Delays in Issuing SSNs to Aliens by the Social Security Administration
Sometimes aliens experience significant delays in obtaining social security numbers. The consequences of these delays are discussed below.
There is no federal law administered by any federal agency which prohibits the hiring of a person based solely on the fact that the person does not have a Social Security Number (SSN). Similarly, there is no federal law which prohibits the making of a payment to a person based solely on the fact that the person does not have an SSN.
However, there are federal laws and regulations which require the reporting of a payee's TIN (Taxpayer Identification Number--SSN or ITIN) on federal information returns and payee statements such as forms W-2, 1099, 1042-S, etc. In addition, federal regulations require (with a few exceptions) that all tax treaty claims made on Forms 8233, W-8BEN, or W-9 be accompanied by the beneficial owner's TIN.
The IRS is quite aware of the Social Security Administration's procedures effective since 09-30-2002 about not issuing an SSN to any alien for whom it cannot confirm his identity and immigration status from the USCIS (United States Citizenship and Immigration Services—formerly the INS). In addition, the IRS is quite aware of the potential delays in securing an SSN which these procedures may cause some aliens. Furthermore, in the situation in which an alien is work-authorized under the immigration law and has met the Social Security Administration's evidence requirements for an SSN, but who is experiencing delays in securing an SSN caused by the SSA's procedures, the IRS will not generally issue an ITIN (Individual Taxpayer Identification Number) to such an alien.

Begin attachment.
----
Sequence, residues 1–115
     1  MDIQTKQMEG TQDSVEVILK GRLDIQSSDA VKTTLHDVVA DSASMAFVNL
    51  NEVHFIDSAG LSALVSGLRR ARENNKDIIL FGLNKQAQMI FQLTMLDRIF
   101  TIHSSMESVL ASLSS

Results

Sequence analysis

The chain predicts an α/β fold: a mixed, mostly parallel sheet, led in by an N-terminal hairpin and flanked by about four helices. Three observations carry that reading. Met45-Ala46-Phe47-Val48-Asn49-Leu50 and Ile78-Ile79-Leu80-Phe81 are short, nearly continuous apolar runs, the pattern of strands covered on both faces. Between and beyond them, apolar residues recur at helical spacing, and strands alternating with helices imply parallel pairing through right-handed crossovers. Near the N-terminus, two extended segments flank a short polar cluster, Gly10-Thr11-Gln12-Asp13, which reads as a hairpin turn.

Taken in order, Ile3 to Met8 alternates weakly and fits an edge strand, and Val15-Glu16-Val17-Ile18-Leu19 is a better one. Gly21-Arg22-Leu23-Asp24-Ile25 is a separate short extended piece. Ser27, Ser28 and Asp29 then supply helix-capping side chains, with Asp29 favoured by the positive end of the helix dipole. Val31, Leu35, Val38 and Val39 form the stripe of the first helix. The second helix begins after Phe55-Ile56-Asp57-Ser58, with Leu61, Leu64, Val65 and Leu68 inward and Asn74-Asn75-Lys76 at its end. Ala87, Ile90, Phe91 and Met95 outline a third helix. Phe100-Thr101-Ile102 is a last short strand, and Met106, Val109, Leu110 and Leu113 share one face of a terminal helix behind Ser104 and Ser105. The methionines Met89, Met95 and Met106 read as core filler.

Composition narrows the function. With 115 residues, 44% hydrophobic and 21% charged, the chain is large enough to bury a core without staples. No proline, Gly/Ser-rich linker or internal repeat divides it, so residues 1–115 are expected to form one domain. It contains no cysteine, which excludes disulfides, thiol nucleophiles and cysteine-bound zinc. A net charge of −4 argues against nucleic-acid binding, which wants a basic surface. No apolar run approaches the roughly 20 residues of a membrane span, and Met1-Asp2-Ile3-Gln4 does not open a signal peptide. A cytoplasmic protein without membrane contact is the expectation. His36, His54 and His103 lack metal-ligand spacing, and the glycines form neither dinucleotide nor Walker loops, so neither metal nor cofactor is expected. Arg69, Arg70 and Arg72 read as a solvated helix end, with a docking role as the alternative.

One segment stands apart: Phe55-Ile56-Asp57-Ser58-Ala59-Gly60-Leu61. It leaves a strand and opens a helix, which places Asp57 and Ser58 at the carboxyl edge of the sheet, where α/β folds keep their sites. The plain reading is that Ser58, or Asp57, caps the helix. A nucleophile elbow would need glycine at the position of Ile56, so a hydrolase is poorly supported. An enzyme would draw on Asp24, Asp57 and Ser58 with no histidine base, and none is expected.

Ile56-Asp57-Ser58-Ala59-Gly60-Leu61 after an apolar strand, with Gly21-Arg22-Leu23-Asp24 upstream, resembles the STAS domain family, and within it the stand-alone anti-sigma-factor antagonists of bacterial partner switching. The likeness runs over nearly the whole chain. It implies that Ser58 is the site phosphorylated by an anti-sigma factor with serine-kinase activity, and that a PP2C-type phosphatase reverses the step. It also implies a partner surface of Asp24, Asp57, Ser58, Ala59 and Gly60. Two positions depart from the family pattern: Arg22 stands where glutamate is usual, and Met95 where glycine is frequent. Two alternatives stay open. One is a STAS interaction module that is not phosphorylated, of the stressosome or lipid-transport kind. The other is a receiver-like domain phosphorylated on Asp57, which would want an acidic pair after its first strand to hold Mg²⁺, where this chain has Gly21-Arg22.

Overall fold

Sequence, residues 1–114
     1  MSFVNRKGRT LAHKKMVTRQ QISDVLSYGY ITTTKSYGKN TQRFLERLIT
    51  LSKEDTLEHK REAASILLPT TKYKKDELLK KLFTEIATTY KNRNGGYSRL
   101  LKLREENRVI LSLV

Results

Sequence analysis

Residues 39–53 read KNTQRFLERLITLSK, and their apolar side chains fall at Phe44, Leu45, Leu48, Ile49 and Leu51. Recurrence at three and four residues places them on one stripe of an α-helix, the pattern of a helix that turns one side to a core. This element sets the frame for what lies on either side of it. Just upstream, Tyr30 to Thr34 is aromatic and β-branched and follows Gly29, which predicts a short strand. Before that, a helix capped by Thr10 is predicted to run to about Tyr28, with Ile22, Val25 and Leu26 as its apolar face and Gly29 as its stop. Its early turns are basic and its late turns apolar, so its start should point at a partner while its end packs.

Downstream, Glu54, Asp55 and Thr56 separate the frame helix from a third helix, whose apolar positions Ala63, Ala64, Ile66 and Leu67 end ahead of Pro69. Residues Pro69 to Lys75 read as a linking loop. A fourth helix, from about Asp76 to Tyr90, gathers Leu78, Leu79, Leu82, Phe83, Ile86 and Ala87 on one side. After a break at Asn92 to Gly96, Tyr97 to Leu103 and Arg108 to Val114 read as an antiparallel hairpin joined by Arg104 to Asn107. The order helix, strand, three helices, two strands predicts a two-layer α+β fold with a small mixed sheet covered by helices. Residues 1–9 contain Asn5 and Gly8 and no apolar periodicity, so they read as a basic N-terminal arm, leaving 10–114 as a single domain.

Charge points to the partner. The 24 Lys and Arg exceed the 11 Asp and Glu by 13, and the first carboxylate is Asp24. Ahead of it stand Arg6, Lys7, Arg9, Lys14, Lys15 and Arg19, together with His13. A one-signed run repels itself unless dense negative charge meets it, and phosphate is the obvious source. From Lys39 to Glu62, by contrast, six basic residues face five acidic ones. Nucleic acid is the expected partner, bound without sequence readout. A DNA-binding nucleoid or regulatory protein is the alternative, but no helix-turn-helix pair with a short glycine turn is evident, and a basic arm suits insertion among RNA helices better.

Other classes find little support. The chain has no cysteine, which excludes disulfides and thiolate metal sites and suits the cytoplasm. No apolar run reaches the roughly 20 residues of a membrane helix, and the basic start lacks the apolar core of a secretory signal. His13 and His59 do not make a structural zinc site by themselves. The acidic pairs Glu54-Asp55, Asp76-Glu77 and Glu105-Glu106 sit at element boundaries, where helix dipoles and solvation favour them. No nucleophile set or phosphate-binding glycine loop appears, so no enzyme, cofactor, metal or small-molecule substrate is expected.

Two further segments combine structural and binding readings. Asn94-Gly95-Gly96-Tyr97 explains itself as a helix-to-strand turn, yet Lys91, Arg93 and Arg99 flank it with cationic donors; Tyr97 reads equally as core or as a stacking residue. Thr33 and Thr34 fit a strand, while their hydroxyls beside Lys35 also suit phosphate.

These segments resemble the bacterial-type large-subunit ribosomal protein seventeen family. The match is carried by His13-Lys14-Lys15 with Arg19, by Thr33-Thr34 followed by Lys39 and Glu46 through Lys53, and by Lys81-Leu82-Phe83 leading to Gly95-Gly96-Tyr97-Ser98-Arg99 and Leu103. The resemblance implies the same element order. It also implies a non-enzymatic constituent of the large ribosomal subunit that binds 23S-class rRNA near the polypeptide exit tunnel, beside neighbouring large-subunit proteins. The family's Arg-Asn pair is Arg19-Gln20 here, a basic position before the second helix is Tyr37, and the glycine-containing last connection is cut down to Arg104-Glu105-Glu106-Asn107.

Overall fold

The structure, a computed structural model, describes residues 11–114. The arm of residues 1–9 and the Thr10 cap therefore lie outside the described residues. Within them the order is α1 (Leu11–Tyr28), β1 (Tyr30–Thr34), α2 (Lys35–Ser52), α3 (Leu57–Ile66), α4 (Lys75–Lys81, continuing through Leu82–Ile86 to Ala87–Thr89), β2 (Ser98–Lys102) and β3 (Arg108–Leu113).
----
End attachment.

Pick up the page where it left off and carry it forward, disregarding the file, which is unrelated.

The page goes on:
With respect to IRS penalties related to the payer's failure to furnish a payee TIN on an information return and on a payee statement, the fact that the payer does not have a payee TIN to report solely because the SSA is delaying an issuance of an SSN, or cannot issue an SSN, to a work-authorized alien because of its procedures, will cause the IRS to be quite favorable toward considering this situation one in which "reasonable cause" exists for not asserting such penalties. The payer should keep documentation to show that his failure to supply a payee TIN on Form W-2 or Form 1099 or Form 1042-S is caused solely by the SSA's procedures for issuing SSN's to aliens.
Any withholding agent (with certain exceptions) who receives a Form 8233, W-8BEN, or W-9 without a payee TIN for the purpose of claiming a tax treaty benefit is not allowed to grant such tax treaty benefit until he receives a proper Form 8233, W-8BEN, or W-9 which does report the payee's TIN. However, a form 8233 or W-8BEN without a payee TIN is still valid for the purpose of declaring that the payee is a foreign person, subject to the withholding and reporting rules which apply to payments made to foreign persons.
The IRS cannot speak to the issue of potential penalties which could be imposed by other federal, state, or local agencies for the failure of an employer or payer to report a payee's TIN on any required documents, except to note that the filing of the immigration Form I-9 without an SSN does not constitute grounds, in and of itself, to reject the validity of the Form I-9. If an alien employee can prove his work-eligibility with documents listed on Form I-9 other than a U.S. social security card, then the alien's Form I-9, even though submitted without an SSN, is valid under the immigration law.